Stephenson's ability to put elements into play early is one of his strengths. Much of Cryptonomicon's success is due to the vastness of the playing field and how carefully the author moves his pieces across. The gold in WWII is carefully put into place just so the gold in 1999 (or thereabouts) is carefully picked up. Each element of the character is well seeded so that when everything finally comes together, the reader never feels cheated out of something. Everything happens for a logical and pragmatic reason.
The same can be said about this novel. The climax of Reamde featuring the cast coming together to the main character's family's cabin, where a long (150 pages) shoot out occurs. In terms of pure narrative pragmatics, Stephenson spends a full three hundred pages making sure that every member shows up for the party. That is to say, that some characters who don't know about the cabin must find their way to the cabin in a very logical and pragmatic way. Sometimes this takes a while, and Stephenson never cheats the reader out of the multi-step process by which the distantly related characters come to the conclusion that the cabin is where everything goes down.
Even the virtual world of T'Rain, where the virus is introduced, plays into the logic of the novel in a way that is not gratuitous or "cool" in the way computers were shoehorned into narratives in the early 90s. This might sound familiar, if you've read Stephenson's earlier novel Snowcrash, a novel that I would go as far to say is awesome but I'm too nervous to re-read it for fear it won't match up to my memory. In Snowcrash, Stephenson visualizes the Web as a virtual world, a simulation of the real world called a Metaverse. Of course, the simulation of the world isn't one to one nor does it approach maximum fidelity. In true Stephensonian fashion, the logical outcome of such a technological novelty is that it would turn into a market. This is something already touched on in Snowcrash, but Stephenson, now armed with more knowledge about commerce than all the top sci-fi authors combined, takes to 2011 with T'Rain. Of course a simulated reality would feature a capitalistic market that works with and alongside the real world's market. The joke is, of course, that the real world market is as virtual and digital as T'Rain's market.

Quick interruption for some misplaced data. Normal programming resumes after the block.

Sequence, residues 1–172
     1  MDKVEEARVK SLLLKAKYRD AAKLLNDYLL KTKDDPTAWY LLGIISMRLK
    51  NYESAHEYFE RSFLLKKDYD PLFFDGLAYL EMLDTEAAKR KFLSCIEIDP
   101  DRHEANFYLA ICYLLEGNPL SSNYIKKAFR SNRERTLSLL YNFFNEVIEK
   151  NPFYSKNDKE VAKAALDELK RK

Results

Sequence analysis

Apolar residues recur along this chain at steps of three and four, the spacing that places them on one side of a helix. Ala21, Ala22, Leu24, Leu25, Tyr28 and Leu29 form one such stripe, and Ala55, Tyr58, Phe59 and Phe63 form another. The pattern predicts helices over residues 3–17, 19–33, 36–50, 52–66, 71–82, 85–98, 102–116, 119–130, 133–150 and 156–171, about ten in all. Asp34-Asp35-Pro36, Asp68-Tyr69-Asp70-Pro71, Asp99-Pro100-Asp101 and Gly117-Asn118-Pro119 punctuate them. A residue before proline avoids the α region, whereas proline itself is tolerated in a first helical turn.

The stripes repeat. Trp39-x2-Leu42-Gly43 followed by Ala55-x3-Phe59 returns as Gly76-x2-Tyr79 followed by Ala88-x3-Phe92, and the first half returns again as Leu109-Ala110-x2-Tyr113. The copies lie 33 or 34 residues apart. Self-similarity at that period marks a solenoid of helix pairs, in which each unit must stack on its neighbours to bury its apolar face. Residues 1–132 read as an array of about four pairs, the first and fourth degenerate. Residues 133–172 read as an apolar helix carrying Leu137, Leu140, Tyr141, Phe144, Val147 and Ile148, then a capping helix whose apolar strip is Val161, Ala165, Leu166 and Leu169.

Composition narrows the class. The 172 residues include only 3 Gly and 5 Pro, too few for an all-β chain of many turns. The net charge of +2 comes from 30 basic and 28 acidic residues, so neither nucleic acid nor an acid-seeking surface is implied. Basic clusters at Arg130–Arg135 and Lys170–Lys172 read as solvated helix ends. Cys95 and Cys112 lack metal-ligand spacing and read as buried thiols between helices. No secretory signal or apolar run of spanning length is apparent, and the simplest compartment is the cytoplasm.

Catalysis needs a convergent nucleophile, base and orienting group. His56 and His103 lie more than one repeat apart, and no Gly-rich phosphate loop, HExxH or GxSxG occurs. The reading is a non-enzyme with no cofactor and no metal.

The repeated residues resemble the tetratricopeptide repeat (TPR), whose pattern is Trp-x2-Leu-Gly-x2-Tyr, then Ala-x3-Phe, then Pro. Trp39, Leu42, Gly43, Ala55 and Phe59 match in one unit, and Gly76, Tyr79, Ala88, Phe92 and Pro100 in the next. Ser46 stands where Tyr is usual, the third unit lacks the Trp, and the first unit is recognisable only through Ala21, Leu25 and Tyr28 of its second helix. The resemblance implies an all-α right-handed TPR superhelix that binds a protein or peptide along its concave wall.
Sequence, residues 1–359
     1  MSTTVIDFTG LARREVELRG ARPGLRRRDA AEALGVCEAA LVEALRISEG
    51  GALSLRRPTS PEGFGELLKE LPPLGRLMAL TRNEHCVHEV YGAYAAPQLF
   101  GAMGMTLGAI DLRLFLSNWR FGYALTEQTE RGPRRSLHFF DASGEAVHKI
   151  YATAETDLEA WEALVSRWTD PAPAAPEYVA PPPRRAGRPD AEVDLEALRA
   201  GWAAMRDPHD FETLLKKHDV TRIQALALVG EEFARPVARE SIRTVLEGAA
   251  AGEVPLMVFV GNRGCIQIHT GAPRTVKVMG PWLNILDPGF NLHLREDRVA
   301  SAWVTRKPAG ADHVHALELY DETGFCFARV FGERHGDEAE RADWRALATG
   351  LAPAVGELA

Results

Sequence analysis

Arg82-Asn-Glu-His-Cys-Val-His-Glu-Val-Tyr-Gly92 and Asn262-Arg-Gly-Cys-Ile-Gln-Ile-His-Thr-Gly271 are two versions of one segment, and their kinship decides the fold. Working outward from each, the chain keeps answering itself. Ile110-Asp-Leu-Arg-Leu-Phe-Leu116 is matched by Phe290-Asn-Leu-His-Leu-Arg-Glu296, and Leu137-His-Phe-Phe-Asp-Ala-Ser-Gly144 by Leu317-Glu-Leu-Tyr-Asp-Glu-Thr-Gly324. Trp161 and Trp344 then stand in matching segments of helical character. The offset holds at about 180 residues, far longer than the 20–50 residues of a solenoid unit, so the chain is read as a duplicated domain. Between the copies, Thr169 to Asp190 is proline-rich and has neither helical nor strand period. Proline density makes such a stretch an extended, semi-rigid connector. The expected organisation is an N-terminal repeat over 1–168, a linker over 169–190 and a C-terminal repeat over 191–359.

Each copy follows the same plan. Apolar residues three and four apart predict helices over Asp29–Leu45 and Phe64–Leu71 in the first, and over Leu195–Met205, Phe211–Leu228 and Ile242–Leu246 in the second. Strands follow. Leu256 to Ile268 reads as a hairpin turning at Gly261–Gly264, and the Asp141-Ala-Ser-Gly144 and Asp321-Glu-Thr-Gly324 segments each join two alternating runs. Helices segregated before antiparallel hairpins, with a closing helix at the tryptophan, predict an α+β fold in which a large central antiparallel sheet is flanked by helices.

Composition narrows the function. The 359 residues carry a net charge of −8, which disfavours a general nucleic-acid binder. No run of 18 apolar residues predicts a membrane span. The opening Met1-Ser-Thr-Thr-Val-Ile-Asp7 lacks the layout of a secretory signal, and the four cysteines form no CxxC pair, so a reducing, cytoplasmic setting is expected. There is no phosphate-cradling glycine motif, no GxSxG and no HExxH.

Stephenson's pet themes are explored in Reamde as expected: commerce, technology, guns, the Philipines and gold. However, the pet themes are in service of the plot, rather than the other way around. No longer does the gold function are merely MacGuffin, but as an integral factor in the motivation of a collection of disparate characters. The gold in the Baroque Cycle is just a way to move pieces around the board, not as in Reamde where it the ultimate goal.
Reamde's tight focus is what made the 1,044 pages zoom by in two large chunks. I began reading this in September when it was published, made it about halfway, and then in typical fashion, I set it aside for a few months. This occurs every time I read a novel by Stephenson. I thought it would be different this time, but it was not to be. This isn't a criticism of Stephenson at all. Far from it. The very fact that his novels exhaust me with their detail is what makes me return time and again to his fiction. I recently purchased a hardcover early edition of Cryptonomicon because I want to re-read it, but I know it won't be for a long time, and even when I do, it will take time. Reamde isn't quite as satisfying as the earlier novel, but it's certainly more coherent and straight forward. I quite liked Reamde, even if longer novels tend to be overpraised by virtue of being completed.